Jakolof Bay -- A state-maintained dock opens an area of gentle shorelines and abandoned roads to visitors who seek the wilderness without paying to stay at a wilderness lodge. West of Kachemak Bay State Park and east of Seldovia, the lands have roads, but the roads aren't connected to anything and are used as much by mountain-bikers as by anyone else. You can take a water taxi straight to the Jakolof dock. Lodgings are nearby at Across the Bay Tent and Breakfast. The waters of Jakolof, Little Jakolof, Kasitsna, and Little Tutka bays, and the tiny Herring Islands, are appealing and protected for sea kayaking. Supreme mountain-biking trails lead along the shore and right across the peninsula through forest and meadows for berry picking. The Red Mountain and Rocky River roads are prime routes, different each year depending on wash-outs and intermittent maintenance -- that's part of the adventure. A maintained 10-mile road west leads to the charming village of Seldovia, described above.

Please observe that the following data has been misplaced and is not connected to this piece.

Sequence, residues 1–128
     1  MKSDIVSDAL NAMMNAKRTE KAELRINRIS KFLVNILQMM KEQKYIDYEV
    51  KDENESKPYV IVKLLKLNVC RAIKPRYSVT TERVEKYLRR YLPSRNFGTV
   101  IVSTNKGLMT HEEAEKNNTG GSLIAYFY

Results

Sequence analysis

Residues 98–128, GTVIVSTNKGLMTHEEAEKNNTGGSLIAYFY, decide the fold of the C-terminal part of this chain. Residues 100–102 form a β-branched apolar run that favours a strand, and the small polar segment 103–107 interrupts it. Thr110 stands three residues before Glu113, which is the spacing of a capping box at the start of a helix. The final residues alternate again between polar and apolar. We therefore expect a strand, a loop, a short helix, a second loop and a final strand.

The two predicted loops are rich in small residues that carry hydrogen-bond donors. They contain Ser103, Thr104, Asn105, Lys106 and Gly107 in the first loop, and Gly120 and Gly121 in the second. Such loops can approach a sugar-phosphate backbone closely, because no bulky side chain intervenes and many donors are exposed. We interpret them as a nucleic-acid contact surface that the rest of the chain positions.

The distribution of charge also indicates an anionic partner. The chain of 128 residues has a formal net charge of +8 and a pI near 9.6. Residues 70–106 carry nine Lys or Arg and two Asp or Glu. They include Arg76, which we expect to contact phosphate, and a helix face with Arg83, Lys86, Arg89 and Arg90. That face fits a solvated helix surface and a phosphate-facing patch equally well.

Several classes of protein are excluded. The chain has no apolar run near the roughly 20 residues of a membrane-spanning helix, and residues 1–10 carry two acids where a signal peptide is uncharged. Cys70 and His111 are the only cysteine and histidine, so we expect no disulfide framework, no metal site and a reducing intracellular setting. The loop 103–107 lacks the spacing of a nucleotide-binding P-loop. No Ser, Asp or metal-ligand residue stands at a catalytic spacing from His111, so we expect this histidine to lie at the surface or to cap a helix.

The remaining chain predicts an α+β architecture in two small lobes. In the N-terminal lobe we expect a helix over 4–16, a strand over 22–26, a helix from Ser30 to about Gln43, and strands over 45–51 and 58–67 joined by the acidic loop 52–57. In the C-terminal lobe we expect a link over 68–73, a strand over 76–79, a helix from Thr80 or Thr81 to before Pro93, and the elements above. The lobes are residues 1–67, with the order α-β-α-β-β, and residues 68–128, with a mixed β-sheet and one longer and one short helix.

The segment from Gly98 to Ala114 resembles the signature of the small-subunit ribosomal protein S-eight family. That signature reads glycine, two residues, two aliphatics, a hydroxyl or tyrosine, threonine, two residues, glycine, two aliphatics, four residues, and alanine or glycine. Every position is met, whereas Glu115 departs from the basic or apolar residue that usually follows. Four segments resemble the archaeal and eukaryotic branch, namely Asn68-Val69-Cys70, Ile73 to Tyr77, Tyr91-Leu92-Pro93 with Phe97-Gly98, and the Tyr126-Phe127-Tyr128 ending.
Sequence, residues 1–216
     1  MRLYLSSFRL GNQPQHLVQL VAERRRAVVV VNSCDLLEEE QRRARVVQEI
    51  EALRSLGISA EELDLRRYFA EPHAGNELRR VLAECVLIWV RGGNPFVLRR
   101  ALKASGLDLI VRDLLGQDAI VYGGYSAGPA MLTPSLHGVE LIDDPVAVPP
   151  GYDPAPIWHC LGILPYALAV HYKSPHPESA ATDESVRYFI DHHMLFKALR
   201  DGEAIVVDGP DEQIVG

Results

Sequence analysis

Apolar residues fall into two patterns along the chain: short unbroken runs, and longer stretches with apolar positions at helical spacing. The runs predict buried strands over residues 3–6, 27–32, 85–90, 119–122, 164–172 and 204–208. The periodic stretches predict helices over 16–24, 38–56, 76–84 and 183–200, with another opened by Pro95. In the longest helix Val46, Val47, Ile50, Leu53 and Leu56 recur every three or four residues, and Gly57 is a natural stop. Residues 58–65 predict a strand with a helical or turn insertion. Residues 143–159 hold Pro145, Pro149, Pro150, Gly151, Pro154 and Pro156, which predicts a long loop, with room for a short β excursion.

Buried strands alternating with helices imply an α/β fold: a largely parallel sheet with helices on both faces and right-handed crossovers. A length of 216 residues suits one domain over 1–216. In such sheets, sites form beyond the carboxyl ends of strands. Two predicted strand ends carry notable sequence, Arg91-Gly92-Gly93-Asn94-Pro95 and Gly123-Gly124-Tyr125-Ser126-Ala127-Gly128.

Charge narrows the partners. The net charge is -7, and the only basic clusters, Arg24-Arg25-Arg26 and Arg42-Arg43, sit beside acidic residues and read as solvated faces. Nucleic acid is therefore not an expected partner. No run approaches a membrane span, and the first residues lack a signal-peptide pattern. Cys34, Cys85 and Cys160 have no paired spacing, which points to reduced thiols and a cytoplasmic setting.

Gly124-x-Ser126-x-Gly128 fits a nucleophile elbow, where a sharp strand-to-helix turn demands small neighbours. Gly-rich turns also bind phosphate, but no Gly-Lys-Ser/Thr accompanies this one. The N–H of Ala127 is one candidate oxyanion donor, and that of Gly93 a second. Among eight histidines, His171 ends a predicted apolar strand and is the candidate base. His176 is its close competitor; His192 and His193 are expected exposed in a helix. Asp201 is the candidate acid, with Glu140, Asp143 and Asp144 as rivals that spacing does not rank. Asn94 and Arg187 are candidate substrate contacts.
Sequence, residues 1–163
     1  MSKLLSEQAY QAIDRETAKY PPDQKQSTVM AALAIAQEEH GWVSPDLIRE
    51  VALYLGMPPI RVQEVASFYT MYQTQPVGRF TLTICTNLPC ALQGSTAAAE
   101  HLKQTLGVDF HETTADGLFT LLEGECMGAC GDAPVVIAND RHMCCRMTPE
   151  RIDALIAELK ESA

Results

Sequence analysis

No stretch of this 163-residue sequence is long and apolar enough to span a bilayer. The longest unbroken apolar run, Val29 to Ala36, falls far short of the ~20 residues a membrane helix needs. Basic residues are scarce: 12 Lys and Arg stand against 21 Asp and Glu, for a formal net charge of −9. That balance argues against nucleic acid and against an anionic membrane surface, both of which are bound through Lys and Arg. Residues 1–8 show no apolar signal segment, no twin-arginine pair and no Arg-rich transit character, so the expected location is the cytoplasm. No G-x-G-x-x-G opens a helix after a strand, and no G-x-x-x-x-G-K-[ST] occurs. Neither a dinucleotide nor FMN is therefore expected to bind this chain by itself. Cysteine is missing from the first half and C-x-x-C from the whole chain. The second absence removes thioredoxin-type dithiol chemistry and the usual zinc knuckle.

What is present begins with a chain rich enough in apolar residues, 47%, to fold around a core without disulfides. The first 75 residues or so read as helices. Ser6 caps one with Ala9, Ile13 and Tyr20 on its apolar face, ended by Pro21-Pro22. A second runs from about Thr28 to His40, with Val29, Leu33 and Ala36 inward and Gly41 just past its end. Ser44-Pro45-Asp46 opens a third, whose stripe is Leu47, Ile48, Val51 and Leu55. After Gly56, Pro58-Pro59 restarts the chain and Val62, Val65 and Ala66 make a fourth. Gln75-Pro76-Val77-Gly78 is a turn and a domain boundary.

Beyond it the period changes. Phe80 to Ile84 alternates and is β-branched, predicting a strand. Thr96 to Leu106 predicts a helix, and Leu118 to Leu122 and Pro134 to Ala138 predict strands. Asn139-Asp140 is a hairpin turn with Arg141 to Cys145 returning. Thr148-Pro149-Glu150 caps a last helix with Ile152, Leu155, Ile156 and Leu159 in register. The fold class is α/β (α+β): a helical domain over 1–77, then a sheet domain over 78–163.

Gull Island -- This rock across the bay from Homer Spit is a busy bird colony in the summer. It's easy to get to and boats can edge close, as the water is deep all around. You may see tufted and horned puffins, black-legged kittiwakes, common murres, red-faced and pelagic cormorants, pigeon guillemots, and glaucous-winged gulls. Tour boats to Halibut Cove or Seldovia may cruise by the island, and if you are taking a water taxi to Halibut Cove Lagoon, ask for a look on your way.


Note: This information was accurate when it was published, but can change without notice. Please be sure to confirm all rates and details directly with the companies in question before planning your trip.